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Ian Goodfellow’s Deep Learning book pretty much useless. I own it and have read through most parts of it. I couldn’t explain it better than top Amazon reviews:

https://www.amazon.com/Deep-Learning-Adaptive-Computation-Ma...

And I’m surprised to not find Aurelion Geron’s absolute masterpiece listed below. I believe it is the best machine learning book ever, although Statistical Learning mentioned in the article is really good as well :

https://www.amazon.com/Hands-Machine-Learning-Scikit-Learn-T...




For what it's worth, I disagree quite strongly with that review. The book is aimed at those with a pretty mature appetite for abstract mathematical reasoning, but not much specific knowledge in the areas of statistics, machine learning, and neural networks. It's an actual graduate-level book, and one must approach it with the appropriate background and education.

The Goodfellow book is not complete as an academic intro, but no one book can be. It's not very useful as a practical tutorial, but no book seeking this could cover the mathematical arguments that Goodfellow's book does. I found Goodfellow's book extremely useful for consolidating a lot of handwaving that I'd seen elsewhere and putting it in a slightly more rigorous framework that I could make sense of and immediately work with as a (former) mathematician.

Goodfellow's treatment is especially useful for mathematicians and mathematically-trained practitioners who nevertheless lack a background in advanced statistics. The Elements of Statistical Learning, for instance, is extremely heavy on statistics-specific jargon, and I personally found it far more difficult to extract useful insights from that book than I did from Goodfellow's.


The problem with Goodfellow's book is that it is half-baked. I don't know why he has to introduce Linear Algebra section for a 3rd of the book (which ends abruptly) but then moves on to the ANNs. If Goodfellow intended this book for mathematicians, that whole section about LA can be omitted with literally no loss in the book's value. The whole book arguably feels rushed.

So, no amount of praise and mathematician's justification makes sense. I agree that it is inclined for mathematicians, but this book is overrated and it is terribly due for a rewrite, update and frankly in my personal view - the writing style.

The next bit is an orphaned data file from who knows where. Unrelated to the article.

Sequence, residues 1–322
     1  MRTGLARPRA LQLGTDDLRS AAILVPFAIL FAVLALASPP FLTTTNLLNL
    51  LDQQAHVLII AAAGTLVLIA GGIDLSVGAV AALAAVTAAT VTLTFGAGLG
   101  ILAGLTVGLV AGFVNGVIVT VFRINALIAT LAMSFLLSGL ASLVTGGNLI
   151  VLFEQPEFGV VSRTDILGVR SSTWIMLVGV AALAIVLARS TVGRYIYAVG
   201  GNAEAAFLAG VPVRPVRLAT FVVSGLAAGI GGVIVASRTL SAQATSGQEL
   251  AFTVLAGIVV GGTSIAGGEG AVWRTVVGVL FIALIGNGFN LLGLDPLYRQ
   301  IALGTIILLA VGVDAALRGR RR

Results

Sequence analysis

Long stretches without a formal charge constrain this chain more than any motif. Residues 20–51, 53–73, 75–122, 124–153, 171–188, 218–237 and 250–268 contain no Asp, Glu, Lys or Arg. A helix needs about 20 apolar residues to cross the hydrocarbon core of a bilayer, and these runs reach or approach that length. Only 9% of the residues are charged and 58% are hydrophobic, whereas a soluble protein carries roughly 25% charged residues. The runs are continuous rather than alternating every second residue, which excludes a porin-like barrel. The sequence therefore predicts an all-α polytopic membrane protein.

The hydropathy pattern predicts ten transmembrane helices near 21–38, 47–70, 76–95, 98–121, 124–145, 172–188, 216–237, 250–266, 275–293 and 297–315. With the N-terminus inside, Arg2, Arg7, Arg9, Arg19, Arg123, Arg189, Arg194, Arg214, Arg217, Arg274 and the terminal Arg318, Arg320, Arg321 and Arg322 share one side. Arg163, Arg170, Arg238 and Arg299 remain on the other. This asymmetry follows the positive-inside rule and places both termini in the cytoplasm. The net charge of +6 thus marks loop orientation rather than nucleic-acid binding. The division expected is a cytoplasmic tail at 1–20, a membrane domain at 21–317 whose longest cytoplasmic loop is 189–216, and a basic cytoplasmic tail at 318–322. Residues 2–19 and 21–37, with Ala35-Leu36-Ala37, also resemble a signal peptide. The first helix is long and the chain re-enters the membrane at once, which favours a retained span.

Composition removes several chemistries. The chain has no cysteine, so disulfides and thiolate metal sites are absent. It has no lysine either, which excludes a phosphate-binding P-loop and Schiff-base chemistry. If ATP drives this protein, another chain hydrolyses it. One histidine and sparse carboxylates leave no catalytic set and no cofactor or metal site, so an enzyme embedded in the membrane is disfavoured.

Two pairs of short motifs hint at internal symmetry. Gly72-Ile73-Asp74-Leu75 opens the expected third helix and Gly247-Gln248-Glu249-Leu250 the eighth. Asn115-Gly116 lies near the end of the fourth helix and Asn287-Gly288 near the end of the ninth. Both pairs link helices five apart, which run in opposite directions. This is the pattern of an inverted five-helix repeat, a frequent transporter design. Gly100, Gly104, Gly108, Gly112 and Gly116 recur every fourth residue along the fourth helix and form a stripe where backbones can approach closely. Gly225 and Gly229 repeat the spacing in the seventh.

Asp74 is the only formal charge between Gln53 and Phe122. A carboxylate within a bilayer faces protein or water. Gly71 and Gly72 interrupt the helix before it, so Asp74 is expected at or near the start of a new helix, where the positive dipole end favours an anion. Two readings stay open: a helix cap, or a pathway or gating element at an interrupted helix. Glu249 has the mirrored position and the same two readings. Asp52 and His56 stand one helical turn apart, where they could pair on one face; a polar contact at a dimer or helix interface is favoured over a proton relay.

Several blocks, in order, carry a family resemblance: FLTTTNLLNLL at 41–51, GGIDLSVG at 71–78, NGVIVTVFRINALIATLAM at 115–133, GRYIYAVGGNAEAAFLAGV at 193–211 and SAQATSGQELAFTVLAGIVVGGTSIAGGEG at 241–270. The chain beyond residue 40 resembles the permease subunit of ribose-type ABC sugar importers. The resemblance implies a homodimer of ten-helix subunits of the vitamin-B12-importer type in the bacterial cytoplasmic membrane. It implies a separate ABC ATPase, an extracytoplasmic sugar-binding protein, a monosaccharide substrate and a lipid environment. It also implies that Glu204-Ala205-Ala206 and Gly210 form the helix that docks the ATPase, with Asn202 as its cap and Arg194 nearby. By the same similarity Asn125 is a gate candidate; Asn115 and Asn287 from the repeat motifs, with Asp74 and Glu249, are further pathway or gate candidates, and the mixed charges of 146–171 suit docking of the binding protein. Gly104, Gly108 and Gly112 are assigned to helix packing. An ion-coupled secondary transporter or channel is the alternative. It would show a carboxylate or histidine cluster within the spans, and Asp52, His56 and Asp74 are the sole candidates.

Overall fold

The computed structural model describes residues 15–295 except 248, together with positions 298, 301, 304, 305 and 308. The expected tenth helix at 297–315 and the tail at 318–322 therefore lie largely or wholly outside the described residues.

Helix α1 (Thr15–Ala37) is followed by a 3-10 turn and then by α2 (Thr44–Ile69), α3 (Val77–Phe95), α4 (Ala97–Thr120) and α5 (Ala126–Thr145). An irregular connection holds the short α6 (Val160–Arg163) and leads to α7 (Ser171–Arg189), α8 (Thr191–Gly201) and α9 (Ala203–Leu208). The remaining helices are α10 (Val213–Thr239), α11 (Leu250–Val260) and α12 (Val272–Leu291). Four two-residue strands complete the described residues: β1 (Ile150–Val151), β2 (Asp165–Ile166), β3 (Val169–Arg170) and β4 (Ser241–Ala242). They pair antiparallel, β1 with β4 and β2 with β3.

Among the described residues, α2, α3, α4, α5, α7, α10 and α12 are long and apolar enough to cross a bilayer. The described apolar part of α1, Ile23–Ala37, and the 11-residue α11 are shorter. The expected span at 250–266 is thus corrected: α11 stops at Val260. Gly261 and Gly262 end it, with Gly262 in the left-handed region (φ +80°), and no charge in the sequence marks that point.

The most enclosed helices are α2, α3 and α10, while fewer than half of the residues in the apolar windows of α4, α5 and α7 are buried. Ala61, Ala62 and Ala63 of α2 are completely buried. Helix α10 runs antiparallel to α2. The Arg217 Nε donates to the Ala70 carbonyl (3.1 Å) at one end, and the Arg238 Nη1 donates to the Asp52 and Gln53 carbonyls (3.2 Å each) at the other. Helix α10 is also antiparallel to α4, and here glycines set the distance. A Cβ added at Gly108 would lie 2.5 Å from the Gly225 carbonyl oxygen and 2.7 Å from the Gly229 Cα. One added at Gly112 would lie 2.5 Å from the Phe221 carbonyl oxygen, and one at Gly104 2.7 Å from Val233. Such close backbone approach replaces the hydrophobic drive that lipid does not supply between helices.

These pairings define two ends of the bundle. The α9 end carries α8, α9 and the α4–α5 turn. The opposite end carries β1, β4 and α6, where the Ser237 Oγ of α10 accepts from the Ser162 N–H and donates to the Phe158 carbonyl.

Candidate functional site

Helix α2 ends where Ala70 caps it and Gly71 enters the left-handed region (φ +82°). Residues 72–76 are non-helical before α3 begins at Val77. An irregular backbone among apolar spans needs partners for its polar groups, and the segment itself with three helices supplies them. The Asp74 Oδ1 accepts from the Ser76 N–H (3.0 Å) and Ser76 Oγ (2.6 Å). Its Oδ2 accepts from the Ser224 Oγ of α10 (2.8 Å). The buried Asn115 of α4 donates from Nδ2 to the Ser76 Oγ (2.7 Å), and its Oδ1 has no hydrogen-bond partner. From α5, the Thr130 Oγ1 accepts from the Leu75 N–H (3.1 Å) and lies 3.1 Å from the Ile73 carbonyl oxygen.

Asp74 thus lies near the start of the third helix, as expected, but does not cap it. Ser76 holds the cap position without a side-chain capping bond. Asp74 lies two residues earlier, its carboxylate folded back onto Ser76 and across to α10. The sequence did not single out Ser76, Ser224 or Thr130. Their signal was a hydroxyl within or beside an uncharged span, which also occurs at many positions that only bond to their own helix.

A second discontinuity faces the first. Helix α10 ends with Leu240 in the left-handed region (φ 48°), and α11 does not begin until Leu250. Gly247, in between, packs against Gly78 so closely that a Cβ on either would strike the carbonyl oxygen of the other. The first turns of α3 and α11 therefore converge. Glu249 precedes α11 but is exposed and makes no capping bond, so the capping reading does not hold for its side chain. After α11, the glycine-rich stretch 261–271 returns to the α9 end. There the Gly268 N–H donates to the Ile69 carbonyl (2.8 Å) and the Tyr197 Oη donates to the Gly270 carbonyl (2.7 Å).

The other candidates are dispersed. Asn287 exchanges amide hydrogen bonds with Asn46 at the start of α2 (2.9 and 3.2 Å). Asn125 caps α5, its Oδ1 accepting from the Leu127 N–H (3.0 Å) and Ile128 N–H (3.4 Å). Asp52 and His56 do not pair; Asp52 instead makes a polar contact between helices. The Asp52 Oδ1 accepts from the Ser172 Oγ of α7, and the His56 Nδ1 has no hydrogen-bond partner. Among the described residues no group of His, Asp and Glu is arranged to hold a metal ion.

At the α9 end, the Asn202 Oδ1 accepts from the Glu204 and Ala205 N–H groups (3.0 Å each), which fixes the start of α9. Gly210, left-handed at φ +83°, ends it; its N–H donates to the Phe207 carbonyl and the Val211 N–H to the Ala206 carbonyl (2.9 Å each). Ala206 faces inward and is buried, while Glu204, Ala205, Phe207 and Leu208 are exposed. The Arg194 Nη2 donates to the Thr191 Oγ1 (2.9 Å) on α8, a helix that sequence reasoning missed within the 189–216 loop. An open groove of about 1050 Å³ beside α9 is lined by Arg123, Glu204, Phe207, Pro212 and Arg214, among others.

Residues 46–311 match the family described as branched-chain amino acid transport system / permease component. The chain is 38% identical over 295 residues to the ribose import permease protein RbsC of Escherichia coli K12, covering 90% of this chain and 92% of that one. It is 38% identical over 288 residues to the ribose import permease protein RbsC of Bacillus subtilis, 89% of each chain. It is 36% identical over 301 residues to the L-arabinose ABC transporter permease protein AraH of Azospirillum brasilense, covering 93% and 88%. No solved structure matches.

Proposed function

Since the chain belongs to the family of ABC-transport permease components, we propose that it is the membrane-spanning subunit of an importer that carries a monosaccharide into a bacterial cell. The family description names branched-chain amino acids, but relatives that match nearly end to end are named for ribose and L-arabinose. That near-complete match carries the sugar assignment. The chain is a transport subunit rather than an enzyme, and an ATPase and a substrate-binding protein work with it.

I am curious of specific parts of the book you found valuable.


The section on linear algebra moves quickly. I don't see how a book including extra prerequisite material is an example of it being half-baked or rushed. Surely that would actually be an example of the opposite? That section is a nice reference to have immediately available for things like SVD and PCA.


Perhaps restructuring the LA part into an appendix would be preferable. For mature readers, it nevertheless serves as a way to focus and agree on notation that is used for the rest of the book.


The best textbooks, the ones considered classic gems in their field, are careful about what they say and what they leave out. You get the sense that every word is in its right place.

By comparison, Goodfellow and his co-authors seemed to just dump everything they know onto the page. It's fragmented, bloated, and it meanders all over the place. Goodfellow was on a recent podcast where he seems to acknowledge that the book straddles an awkward place between tutorial and reference.

I don't mean to sound too harsh. I appreciate its scope, and I've certainly read much worse textbooks.


Considering how much is not in the book -- and that the book is not even that large as far as textbooks go -- part of me feels this criticism is somewhat disingenuous. I'd agree that the direction of the final part on research topics feels fragmented, but the rest of the book certainly doesn't. It's very clearly focused on developing deep neural networks and doesn't actually meander at all.

If the worst you can say is it's not a classic text, that's really not saying much at all. I feel weird defending the book so much when to me it's just a book I found useful and I don't even feel that strongly towards it. But the strength of some of the criticism here doesn't seem motivated by the book itself.